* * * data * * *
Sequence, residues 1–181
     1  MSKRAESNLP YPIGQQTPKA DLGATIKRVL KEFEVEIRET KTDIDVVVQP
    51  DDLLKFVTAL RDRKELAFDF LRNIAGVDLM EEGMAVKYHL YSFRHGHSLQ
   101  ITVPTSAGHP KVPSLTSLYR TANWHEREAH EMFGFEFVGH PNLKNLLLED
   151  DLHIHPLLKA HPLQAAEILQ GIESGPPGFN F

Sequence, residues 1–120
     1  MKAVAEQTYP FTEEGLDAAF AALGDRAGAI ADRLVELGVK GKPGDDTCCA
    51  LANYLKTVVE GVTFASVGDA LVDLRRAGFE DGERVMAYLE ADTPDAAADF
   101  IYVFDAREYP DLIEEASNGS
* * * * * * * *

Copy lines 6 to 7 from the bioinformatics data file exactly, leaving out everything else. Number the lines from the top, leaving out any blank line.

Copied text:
Sequence, residues 1–120
     1  MKAVAEQTYP FTEEGLDAAF AALGDRAGAI ADRLVELGVK GKPGDDTCCA